How the Community Reinvestment Act Can Help Flint

The audacious and callous decisions leading to the tragedy in Flint, Michigan are cruel and beyond comprehension. What is needed is an all-out effort by all sectors of society–not only […]

The audacious and callous decisions leading to the tragedy in Flint, Michigan are cruel and beyond comprehension. What is needed is an all-out effort by all sectors of society–not only public, but private sector as well.
The Community Reinvestment Act (CRA) requires banks to meet the credit needs of communities, particularly low- and moderate-income communities. In the aftermath of Hurricane Katrina, the federal bank agencies amended the CRA regulation to develop procedures in which banks were provided incentives to respond to disasters and provide financing for rehabilitation and repair.
The scope of the Flint crisis is at disastrous proportions. Recently, Flint’s mayor estimated the repair costs at $1.5 billion.  The mayor has also called for the replacement of lead service lines that connect water mains to residents’ homes, repairs that will cost tens of millions of dollars.
The incidence of poisonous levels of lead among children has doubled in Flint, and it will take several years, perhaps decades, before the extent of the poisoning and its full effects are known for sure. Yet, a recent geographical analysis reveals that an unsafe level of lead in the water, 5 parts per billion or more, is present in 21 to 61 percent of the city’s wards.
This amount of distress is affecting the willingness of banks to serve. Its been reported that city residents are having difficulty obtaining refinance loans. In addition, banks are hesitant to offer home purchase loans because of requirements that homes be served by potable water. Any further shrinkage of lending would literally dry up credit. In 2014, as the crisis was just getting started, lending institutions offered only 136 home purchase loans and 152 refinance loans in a city with approximately 99,000 residents. African-Americans received only 30 percent of the home purchase loans although they were 57 percent of Flint’s population.
Previously, the federal agencies declared geographical areas affected by Hurricane Katrina as designated disaster areas, and provided favorable consideration under the Community Reinvestment Act (CRA) for loans and investments that revitalized and stabilized geographical areas impacted by Katrina. The agencies then issued guidance for banks that was far-reaching—stating that Katrina was an exceptional circumstance that called for the waiving of the usual assessment area requirements under which banks were expected to focus on areas containing their branches. In the case of Katrina, no matter where a bank was located, it could receive favorable CRA consideration for revitalization and stabilization activities in areas impacted by Katrina. Other guidance waived usual appraisal requirements since making usual and customary appraisals was not possible in areas devastated by the hurricane, which is analogous to Flint in that it is presenting unusual appraisal and underwriting challenges. Guidance also urged the banks to be flexible in loan terms and conditions, including extending debt repayments and easing credit terms for new loans, consistent with safe and sound practices. The special assistance and attention for areas impacted by Katrina lasted from 2005 through 2014. Areas impacted by Katrina retained their designation as disaster areas during this ten year time period, meaning that banks were encouraged to provide loans and investments that qualified as community development financing. Similarly, the impacts of the water crisis in Flint are likely to last several years.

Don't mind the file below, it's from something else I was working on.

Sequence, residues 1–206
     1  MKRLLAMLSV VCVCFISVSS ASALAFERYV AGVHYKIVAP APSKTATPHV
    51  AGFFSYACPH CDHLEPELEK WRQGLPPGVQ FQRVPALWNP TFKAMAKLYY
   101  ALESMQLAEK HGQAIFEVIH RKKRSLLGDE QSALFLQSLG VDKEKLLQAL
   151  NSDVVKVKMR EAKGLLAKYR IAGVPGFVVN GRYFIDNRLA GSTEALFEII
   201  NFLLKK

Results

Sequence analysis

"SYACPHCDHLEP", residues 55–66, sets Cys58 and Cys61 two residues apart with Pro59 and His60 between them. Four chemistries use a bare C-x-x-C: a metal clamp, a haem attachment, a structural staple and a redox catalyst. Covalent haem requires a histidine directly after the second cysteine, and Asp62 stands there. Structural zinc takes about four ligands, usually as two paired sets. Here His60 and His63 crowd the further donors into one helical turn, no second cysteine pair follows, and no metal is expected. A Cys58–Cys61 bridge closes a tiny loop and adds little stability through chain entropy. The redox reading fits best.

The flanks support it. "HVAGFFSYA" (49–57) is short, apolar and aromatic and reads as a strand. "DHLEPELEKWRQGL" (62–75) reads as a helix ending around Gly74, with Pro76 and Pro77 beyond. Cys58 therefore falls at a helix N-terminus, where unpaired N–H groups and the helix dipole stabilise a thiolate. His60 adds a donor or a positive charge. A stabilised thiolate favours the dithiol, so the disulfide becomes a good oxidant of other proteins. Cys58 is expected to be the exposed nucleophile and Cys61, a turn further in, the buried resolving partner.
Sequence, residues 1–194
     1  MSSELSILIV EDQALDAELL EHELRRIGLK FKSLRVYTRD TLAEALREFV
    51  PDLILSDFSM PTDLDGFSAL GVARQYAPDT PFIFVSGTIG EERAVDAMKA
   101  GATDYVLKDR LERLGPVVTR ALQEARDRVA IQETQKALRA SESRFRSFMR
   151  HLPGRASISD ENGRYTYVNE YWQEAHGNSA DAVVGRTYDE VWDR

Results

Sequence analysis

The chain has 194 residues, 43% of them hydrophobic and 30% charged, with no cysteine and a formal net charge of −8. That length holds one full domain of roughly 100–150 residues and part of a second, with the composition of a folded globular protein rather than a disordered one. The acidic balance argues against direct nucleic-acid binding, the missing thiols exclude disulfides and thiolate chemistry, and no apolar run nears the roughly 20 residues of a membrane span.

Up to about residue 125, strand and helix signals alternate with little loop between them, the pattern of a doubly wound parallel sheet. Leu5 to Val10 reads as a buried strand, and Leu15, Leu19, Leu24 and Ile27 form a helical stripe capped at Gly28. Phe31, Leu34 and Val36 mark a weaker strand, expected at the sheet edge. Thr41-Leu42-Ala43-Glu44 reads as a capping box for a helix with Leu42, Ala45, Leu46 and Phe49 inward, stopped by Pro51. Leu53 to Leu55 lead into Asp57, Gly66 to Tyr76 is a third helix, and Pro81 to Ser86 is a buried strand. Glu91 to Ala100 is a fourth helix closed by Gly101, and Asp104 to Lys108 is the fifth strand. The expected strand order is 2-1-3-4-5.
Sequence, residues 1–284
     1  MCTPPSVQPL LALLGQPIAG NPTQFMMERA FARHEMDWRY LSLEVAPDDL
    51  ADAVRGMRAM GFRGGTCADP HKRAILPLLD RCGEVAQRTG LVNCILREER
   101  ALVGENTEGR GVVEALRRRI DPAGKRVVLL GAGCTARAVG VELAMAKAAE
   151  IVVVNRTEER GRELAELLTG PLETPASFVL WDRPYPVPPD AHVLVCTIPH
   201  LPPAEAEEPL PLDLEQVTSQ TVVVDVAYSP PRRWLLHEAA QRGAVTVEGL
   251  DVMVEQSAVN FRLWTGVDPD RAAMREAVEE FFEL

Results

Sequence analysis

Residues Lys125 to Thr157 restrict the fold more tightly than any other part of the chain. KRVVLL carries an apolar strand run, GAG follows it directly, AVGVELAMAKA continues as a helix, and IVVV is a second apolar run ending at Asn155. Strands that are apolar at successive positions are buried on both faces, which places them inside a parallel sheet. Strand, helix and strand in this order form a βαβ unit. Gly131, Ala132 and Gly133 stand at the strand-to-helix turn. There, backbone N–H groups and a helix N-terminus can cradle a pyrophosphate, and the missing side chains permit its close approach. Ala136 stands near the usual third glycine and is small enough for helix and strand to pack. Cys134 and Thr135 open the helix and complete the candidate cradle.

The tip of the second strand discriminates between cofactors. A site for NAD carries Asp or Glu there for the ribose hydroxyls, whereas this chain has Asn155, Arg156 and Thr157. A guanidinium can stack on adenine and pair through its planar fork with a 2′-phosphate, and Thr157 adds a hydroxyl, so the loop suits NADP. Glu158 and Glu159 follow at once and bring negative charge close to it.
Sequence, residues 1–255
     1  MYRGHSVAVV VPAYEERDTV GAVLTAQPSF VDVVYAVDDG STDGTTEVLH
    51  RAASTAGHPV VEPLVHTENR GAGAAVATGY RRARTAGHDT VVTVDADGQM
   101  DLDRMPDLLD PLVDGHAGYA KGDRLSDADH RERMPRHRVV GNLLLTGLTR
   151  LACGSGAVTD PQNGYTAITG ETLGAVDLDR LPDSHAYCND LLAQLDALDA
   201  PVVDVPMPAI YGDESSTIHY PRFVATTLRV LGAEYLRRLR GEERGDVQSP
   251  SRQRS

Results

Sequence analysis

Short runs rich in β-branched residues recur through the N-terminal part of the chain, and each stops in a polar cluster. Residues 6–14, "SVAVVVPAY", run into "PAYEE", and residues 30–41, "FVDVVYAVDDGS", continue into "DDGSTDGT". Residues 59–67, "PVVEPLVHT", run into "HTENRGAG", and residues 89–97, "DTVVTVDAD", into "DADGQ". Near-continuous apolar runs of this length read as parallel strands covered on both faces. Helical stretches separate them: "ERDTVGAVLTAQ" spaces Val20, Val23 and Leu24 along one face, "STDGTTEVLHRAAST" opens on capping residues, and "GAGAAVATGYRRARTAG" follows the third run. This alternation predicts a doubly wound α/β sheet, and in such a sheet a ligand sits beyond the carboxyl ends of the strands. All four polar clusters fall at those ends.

The Federal Financial Interagency Examination Council (FFIEC) established a working group to facilitate coordination and communication regarding areas impacted by Katrina. State-level officials also served on this committee. In Flint’s case, this type of working group should also include local officials, and it should consult regularly with the key stakeholders that uncovered the lead poisoning, including Marc Edwards, a professor at Virginia Tech and expert on water quality, and Dr. Mona Hanna-Attisha, a physician that documented increases in lead poisoning in children.
The pieces are in place for a disaster designation for Flint under CRA regulation. On January 16, 2016, the Federal Emergency Management Agency (FEMA) declared that a federal emergency existed in Flint and authorized the funding and mobilization of equipment and resources to alleviate the hardship caused by the contaminated water. A FEMA declaration made it possible for the bank agencies to apply the disaster designation to areas impacted by Katrina and should also make it possible in Flint’s case. While not technically a “natural” disaster, the emergency in Flint matches other natural disasters in that factors and events out of local residents’ control caused widespread distress and threats to health and safety.
Extraordinary efforts, including focusing of bank CRA activities, are warranted to assist residents of Flint reclaim their lives and property. NCRC has urged the regulatory agencies to take the first step in directing the private sector to redouble their efforts to assist the City of Flint. Let’s hope the agencies show bold leadership.
Photo credit: Michael Rosenstein, via flickr, CC BY-NC-ND 2.0

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